After Kunming, Asean must be united on South China Sea at Laos meeting

Chinese Foreign Minister Wang Yi (sixth from right) and foreign ministers from ASEAN-member nations pose for a group photo during a special Asean-China foreign ministers' meeting in Yuxi, southwest China's Yunnan Province on June 14, 2016. - AFP

ON Tuesday evening, several journalists including foreign ones, were alerted by a Wisma Putra official of a statement by the Asean foreign ministers after a meeting with their Chinese colleague Wang Yi.

It was a statement issued by the ministers after a meeting in Kunming to mark the 25th anniversary of Asean-China relations, which among others spoke on preparations for the Asean-China commemorative summit in September in Laos.

It was a bit of a puzzle why the statement should come from Malaysia since Asean statements would normally be issued by the Asean secretariat in Jakarta or the current country coordinator for Asean and China relations-Singapore.

But it got the media, especially foreign media, excited anyway since the strongly worded statement touched on the hot South China Sea issue, saying there was a candid exchange with Wang Yi.

Newswire AFP ran a story quoting the statement that Asean has “serious concerns” over recent events in the disputed South China Sea.

But barely three hours later AFP ran another report saying Asean countries had retracted the same statement, adding that Malaysia said “urgent amendments” would be made.

“We have to retract the media statement by the Asean foreign ministers ... as there are urgent amendments to be made,” a Malaysian foreign ministry spokeswoman was quoted by AFP.

AFP quoted the spokeswoman as saying the Asean Secretariat approved the release of the statement, then later informed the ministry it was being retracted.

What really happened, nobody knows for sure. But the damage has been done.

Wisma Putra officials were getting calls from many foreign missions in Kuala Lumpur enquiring what had transpired at the Kunming meeting after the retraction news went viral.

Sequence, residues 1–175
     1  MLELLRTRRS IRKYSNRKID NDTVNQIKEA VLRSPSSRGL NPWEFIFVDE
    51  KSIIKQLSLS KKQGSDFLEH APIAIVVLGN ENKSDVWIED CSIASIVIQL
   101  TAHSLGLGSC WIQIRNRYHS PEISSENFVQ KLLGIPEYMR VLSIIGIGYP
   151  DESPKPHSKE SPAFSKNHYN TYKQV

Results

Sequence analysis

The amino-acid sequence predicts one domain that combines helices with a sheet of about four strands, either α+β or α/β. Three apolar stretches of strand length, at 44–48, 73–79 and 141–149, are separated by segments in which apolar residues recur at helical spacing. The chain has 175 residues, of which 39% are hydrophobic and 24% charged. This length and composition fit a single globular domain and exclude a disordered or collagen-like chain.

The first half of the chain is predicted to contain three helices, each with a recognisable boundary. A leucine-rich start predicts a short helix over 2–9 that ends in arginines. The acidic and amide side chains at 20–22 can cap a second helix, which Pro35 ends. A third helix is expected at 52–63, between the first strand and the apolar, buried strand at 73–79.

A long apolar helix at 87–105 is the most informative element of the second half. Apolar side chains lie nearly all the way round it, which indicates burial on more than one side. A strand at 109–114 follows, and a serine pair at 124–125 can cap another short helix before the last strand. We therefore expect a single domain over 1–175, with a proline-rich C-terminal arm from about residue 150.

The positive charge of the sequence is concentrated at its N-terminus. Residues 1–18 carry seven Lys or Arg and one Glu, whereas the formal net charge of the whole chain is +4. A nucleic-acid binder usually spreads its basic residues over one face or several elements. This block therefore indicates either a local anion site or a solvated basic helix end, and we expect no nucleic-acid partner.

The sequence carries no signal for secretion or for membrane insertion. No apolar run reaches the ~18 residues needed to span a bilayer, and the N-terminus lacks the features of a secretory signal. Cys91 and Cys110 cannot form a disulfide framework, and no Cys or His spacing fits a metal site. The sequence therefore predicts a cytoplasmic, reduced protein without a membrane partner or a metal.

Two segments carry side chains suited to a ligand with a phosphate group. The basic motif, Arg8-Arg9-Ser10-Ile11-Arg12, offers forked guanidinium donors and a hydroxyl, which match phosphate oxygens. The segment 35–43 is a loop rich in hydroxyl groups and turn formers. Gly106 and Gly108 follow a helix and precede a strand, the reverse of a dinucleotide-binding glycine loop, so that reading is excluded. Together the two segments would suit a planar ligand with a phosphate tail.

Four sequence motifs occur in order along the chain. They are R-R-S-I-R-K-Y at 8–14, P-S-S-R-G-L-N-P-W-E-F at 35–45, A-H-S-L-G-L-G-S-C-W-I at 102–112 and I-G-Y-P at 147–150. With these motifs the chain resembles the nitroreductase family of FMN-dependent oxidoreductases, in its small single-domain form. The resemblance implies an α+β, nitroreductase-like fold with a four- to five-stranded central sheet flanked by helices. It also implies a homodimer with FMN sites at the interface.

But that is not the only thing that happened at that Kunming meeting.

A journalist with Channel News Asia tweeted that Singapore Foreign Minister Vivian Balakrishnan left without speaking to the media when he was scheduled to co-chair a press conference, leaving Wang Yi to hold a solo one.

Instead the Singapore Foreign Ministry issued a separate statement saying Balakrishnan noted “the serious concerns expressed by the Asean foreign ministers over the developments on the ground and called on Asean and China to continue working together to maintain the peace and stability of the South China Sea”.

One diplomat described the Kunming meeting as “a lot of drama. Still trying to complete the jigsaw and understand where the link break up.”

Drama or not, one thing for sure the Kunming meeting proved one thing. Asean members are not speaking in unity vis a vis the South China Sea.

Wang Yi played down Balakrishnan’s absence, telling the media the meeting was good.

The Straits Times reported that Wang Yi acknowledged that China and the Philippines “have their differences” and that both countries stated their stands at the meeting.

“But this is not a problem between China and Asean and should not affect the cooperation between China and Asean,” he said. “China and Asean’s cooperation far exceeds their differences, including the South China Sea issue.”

But some officials believed that the prepared statement was retracted because Laos was not agreeable to it at the last minute.

Asean officials have already agreed on a statement, drafted by Singapore as country coordinator to relations with China, to be issued at the Kunming meeting.

“It was finalised just before the foreign ministers meeting. The idea was to issue it after the scheduled press conference. But we were informed Laos withdrew their consensus at the last minute,” said an official.

Another official felt that since the meeting was hosted by China, Asean needed to be more sensitive to Beijing since they may not like to be told on how they should behave in the South China Sea.

Asean should be concerned with these latest developments.

Already some officials fear a repeat of the Asean Foreign Ministers meeting in Cambodia in 2012.

Back then, for the first time in its 45-year history, Asean foreign ministers ended their annual meeting in Cambodia without issuing the customary joint communique – all because of disagreement over the growing assertiveness of China in the South China Sea.

That failure became headline news with fingers pointed towards several countries, including host country Cambodia.

This year Laos, which is the Asean chairman, will host the Asean Foreign Ministers Meeting in July. Laos is also known to be a strong ally to China.

“You can expect the same thing to happen in Cambodia when the ministers meet. It is dejavu,” said an official.

Perhaps Laos should be reminded  that four Asean members – Brunei, Malaysia, Philippines and Vietnam, are claimant states to the disputed South China Sea maritime area.

Maybe Laos needs to ensure that the Asean tradition of issuing joint communiques is not broken again and send a signal to the world that Asean is united on the South China Sea.

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